Vail wants Big Brother’s help to catch burglar
VAIL, Colorado – Vail’s police want to use the town’s six surveillance cameras to catch a crook.
Police are chasing a man they believe is responsible for a string of early morning Vail Village burglaries over the last few months. Police say the burglaries have cost local businesses thousands of dollars in damage and cash.
Now they’re asking the Vail Town Council to let them record what those six surveillance cameras see. Police Chief Dwight Henninger and the owners of some of those burglarized business owners will ask the Town Council tonight to let them start pushing the “record” button.
Some of the six cameras are at Checkpoint Charlie in Vail Village, and the rest are at the 911 dispatch center in Vail town hall. They’re there to help police and other authorities keep an eye on what delivery trucks are doing in Vail Village.
When the cameras were installed in July 2009, the Town Council established its no-recording policy after some limited but heated public input.
The Town Council refused to let police record any images.
“The cameras were only for viewing loading and unloading, and would only be viewed in real time and from those viewing stations,” said Suzanne Silverthorn, Vail’s communications director. “Since that time the council has been approached by members of the business community asking them to revisit those policies.”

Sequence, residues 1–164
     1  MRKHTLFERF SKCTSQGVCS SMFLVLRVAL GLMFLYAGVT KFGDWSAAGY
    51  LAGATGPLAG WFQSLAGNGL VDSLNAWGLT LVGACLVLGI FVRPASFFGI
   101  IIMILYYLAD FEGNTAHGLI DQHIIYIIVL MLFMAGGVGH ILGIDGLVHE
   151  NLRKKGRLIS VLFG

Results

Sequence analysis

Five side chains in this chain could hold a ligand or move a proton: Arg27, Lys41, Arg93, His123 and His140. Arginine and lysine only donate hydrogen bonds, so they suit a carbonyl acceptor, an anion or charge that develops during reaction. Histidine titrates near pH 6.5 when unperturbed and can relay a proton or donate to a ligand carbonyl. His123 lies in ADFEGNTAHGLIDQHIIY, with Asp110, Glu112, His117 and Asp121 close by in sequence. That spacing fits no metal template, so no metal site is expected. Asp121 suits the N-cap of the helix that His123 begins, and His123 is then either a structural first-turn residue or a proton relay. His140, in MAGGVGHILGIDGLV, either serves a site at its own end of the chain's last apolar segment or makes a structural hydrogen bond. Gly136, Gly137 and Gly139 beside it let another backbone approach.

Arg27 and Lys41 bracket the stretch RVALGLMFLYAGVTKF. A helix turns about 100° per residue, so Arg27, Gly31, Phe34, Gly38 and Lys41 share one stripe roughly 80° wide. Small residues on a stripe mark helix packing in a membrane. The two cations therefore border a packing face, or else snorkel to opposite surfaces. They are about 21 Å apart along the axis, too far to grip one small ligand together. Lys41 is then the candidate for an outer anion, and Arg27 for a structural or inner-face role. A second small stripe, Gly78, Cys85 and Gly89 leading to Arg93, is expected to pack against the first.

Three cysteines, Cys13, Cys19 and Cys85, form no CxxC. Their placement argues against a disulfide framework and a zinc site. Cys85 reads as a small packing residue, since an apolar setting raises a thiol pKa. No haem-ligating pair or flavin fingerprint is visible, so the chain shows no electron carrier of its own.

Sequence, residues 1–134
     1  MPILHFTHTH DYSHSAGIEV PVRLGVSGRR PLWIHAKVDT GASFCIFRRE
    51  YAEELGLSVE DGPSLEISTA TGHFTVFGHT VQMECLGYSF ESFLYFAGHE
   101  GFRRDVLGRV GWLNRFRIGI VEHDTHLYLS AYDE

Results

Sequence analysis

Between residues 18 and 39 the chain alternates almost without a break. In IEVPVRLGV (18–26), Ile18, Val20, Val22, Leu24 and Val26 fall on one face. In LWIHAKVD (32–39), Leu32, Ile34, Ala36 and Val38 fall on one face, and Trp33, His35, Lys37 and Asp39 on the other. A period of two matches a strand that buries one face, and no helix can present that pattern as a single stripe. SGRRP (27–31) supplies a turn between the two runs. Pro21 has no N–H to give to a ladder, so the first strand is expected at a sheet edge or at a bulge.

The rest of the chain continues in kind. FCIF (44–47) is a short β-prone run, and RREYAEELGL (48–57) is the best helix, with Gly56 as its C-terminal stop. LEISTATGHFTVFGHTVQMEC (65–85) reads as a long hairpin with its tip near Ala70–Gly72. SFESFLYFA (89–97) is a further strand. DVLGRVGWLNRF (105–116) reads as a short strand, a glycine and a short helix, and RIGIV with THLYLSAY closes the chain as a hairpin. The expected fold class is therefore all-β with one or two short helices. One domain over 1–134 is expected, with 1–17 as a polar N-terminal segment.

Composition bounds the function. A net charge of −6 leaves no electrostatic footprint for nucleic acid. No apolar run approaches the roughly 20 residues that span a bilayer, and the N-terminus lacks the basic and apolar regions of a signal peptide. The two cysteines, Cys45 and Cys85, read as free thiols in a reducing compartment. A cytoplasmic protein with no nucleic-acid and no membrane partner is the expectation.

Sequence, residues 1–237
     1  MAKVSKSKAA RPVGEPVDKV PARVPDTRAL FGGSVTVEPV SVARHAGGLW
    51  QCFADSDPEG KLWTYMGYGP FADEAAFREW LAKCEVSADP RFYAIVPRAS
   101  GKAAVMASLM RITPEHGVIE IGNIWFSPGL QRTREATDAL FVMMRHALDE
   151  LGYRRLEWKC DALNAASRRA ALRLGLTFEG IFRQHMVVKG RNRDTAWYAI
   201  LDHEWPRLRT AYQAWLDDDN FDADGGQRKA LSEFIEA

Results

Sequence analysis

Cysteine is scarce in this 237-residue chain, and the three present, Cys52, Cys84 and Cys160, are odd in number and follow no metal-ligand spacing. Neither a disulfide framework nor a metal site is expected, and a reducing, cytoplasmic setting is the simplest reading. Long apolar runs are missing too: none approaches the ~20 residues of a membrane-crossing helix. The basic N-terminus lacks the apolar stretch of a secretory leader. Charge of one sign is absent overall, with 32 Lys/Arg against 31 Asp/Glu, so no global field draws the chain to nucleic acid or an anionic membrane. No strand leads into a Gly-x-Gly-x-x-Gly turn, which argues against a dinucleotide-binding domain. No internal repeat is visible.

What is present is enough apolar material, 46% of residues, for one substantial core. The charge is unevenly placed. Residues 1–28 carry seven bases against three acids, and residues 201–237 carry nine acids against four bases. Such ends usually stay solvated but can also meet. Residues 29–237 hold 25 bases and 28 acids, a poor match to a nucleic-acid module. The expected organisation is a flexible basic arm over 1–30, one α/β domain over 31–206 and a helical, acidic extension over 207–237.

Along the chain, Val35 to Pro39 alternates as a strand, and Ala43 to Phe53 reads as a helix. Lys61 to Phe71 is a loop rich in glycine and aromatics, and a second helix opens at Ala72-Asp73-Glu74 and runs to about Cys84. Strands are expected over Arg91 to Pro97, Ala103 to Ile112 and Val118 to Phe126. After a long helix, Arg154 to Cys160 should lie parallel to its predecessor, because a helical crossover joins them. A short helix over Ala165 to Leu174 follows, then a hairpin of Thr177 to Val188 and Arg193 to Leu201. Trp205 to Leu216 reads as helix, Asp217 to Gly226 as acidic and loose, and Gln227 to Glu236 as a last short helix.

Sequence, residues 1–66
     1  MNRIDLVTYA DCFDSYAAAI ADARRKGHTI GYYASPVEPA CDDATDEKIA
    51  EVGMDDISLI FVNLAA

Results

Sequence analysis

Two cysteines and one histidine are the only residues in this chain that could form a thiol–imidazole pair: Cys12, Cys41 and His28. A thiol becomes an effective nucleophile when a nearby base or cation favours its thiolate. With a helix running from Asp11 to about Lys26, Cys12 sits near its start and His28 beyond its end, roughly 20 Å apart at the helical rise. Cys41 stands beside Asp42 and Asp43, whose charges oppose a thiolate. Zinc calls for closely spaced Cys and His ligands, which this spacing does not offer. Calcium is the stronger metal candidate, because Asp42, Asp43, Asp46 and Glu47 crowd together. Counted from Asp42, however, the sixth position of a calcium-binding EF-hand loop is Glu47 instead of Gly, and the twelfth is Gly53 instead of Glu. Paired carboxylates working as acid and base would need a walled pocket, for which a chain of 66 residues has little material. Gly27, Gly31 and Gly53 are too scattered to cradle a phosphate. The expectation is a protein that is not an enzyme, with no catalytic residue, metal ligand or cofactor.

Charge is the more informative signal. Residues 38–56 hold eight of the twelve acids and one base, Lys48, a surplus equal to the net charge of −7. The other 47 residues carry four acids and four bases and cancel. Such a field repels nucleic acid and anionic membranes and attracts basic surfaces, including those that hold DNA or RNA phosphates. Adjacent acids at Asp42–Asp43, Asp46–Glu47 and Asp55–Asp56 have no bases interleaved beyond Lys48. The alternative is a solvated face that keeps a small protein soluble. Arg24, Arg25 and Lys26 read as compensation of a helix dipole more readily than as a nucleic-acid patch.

One business owner whose store was robbed told the council he was surprised to learn that the cameras were not being used for recording, Silverthorn said.
Police are hoping the string of burglaries will change the council’s perspective, and they’ll see the surveillance cameras as a law enforcement tool. Recording images won’t cost them anything, police say.
Henninger is recommending seven-day camera recording. He says the tool would help identify and apprehend suspects and would be used as evidence in legal proceedings.
The burglaries date back as early as July 1, and police say the same man may have been responsible for all of them.
Police are looking for a man described as 5 feet 11 inches to 6 feet 1 inch and weighing between 150 to 180 pounds. Vail Police Detective Sgt. Chris Botkins says police are pursuing information pointing them toward a long-time local.
A Dec. 13 a video surveillance camera at Colorado Mountain College in Edwards captured images of a man who both the Eagle County Sheriff’s Office and the Vail Police Department believe to be the same man suspected in the Vail burglaries.
The man in the Colorado Mountain College video was wearing dark-colored clothing and a ski mask. He also carried a backpack and some kind of pry tool in his hand.
The man was also caught on video surveillance at the Red Lion in Vail Village.
The Town Council will also hear for the second time a request to allow a sandwich board advertising public parking in private buildings, such as Solaris, Arrabelle at Vail Square and Manor Vail. It’s been up once before and died on a 3-3 vote.
It needs five votes to pass.